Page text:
We all make mistakes. Well, I don't, but everyone else does (ironic smile here). You would think that after all the years that humans have been making things out of wood, by now we would have figured out all of the ways to screw up. That there would be a "knowledge base" of all the possible errors that we could refer to and by doing so, avoid having to reinvent the wheel. But not so. It seems that mistakes are like chess the possibilities are endless. We are constantly finding new ways to generate scrap.
And it's not just the undiscovered mistakes that get us. Some mistakes seem to have a way of repeating themselves over and over. OK, I should restate that. We have a tendency to make the same mistakes over and over. They don't "make themselves," as much as we might want to think they do.
One of my favorite mistakes is to pull my tape the wrong way so that the numbers are upside down and then read the sixes as nines and vice versa. If I'm lucky, this results in a piece that is 3 inches too long which at least still yields a useable piece even though it requires re-cutting. But more often than not, the error goes the other way and my piece is 3 too short.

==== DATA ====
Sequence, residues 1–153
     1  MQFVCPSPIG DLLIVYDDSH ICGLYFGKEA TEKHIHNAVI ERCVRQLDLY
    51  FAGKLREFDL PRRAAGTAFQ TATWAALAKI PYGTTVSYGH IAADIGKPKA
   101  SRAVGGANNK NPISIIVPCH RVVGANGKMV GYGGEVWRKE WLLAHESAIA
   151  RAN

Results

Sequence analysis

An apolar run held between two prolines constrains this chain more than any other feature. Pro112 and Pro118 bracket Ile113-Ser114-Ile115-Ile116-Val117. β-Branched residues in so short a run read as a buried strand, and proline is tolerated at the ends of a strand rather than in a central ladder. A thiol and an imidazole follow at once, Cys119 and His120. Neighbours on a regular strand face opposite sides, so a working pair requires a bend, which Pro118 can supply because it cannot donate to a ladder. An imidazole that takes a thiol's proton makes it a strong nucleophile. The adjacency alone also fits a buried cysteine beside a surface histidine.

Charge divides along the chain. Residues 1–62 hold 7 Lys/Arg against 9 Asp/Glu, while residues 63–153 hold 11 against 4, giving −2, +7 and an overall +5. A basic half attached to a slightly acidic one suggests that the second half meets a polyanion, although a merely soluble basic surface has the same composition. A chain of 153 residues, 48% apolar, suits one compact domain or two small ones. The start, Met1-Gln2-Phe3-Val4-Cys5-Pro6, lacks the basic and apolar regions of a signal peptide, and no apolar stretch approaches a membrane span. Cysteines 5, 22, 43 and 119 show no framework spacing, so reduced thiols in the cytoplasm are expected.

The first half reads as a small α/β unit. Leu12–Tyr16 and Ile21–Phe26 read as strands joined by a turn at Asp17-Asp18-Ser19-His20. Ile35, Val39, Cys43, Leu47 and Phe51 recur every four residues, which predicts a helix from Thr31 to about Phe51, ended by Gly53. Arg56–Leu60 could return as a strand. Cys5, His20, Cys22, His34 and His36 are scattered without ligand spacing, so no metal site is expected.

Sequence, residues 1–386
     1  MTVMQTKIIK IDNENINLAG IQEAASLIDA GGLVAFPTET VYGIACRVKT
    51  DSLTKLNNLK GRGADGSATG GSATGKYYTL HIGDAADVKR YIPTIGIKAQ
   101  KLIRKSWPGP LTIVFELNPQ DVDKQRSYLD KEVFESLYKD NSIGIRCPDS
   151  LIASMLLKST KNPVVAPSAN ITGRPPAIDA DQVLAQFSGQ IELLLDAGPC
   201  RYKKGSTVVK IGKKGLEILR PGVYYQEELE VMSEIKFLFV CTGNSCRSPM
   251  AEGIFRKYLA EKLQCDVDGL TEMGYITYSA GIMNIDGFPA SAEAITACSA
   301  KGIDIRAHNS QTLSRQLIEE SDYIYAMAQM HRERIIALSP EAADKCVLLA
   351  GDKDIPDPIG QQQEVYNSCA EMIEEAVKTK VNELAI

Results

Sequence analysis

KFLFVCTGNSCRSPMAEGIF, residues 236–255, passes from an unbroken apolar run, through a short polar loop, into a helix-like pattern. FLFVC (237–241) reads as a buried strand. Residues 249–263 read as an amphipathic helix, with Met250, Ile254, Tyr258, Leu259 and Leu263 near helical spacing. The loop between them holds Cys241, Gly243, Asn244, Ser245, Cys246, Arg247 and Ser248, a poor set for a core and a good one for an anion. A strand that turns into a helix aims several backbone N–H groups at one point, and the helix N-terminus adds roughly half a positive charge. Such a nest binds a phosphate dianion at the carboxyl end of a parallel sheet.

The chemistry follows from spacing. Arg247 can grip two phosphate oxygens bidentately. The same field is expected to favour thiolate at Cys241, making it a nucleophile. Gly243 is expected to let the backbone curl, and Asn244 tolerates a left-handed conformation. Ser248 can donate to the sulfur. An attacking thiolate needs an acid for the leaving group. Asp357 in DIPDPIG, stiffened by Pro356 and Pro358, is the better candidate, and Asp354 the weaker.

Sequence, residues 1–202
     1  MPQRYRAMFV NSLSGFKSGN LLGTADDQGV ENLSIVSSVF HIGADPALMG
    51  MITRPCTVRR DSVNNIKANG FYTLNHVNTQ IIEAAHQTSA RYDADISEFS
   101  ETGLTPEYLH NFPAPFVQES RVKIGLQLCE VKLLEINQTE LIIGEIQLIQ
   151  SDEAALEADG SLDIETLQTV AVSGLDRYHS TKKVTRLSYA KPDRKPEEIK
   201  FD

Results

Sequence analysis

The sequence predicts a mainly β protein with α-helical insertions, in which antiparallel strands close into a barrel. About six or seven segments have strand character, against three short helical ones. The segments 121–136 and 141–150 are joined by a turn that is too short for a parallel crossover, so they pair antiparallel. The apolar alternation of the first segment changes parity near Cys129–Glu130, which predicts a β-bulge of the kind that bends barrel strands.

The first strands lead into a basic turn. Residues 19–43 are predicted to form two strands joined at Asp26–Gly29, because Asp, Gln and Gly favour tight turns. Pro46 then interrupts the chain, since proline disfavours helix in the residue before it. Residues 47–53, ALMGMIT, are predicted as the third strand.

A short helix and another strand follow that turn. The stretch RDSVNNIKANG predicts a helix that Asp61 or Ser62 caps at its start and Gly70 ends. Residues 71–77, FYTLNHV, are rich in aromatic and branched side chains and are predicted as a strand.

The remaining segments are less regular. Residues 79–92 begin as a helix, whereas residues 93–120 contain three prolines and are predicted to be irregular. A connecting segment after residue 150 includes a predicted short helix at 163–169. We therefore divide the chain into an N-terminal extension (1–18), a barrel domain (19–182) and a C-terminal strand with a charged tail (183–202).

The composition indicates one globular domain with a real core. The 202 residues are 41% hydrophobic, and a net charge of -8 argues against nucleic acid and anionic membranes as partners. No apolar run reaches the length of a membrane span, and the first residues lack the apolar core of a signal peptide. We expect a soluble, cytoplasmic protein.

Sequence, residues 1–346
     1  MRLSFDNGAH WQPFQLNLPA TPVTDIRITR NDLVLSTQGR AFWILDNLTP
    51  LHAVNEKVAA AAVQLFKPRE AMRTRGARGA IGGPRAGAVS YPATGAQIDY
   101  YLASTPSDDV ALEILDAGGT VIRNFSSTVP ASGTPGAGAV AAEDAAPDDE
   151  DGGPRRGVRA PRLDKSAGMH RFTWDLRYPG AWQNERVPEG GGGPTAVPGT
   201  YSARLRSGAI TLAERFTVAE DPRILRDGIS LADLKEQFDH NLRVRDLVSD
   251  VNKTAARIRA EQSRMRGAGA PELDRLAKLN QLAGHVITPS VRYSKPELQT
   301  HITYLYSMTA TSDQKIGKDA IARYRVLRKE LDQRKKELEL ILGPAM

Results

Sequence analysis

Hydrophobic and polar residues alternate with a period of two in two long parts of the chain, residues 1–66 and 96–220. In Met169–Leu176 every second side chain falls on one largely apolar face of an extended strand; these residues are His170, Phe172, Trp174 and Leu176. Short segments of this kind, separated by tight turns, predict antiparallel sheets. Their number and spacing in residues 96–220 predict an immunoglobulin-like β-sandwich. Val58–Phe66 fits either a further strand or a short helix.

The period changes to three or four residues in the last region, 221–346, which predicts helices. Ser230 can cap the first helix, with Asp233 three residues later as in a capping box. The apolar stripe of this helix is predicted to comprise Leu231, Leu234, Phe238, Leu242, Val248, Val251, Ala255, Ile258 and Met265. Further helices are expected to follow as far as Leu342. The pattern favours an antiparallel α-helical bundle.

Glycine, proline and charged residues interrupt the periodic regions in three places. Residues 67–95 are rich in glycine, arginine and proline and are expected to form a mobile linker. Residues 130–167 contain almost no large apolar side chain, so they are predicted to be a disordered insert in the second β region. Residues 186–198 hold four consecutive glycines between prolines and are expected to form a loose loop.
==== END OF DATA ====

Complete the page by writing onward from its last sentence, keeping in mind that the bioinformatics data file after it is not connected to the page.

Another very popular error results from the common practice of "burning an inch" when using a tape. Then you forget to add the inch back and bingo another piece of scrap hits the floor (or the wall). Or how about building an entire set of cabinet drawers but forgetting to deduct an inch from the width to accommodate side-mounted glides?
Then there is marking a piece and cutting on the wrong side of the line. This results in a piece that is too short by only the width of the kerf. Most of us only do this when we have no more wood left.
When I used to build houses, there was always a "transition period" when we went from framing to finish work. The first few days of woodwork always had "moons" because we had not yet cleared our minds of the need to really bash the nails to "set" them. Then, when we went back to framing, we would spend the first couple of days carefully tapping the nails in.
And then there is something that is more of an axiom than a mistake the first piece you cut will always be wrong. For me this axiom goes a bit further in that the last piece will also always be wrong. Don't ask me why. That's just the way it is. While I have never been able to escape this, I have learned to always have just one more piece available...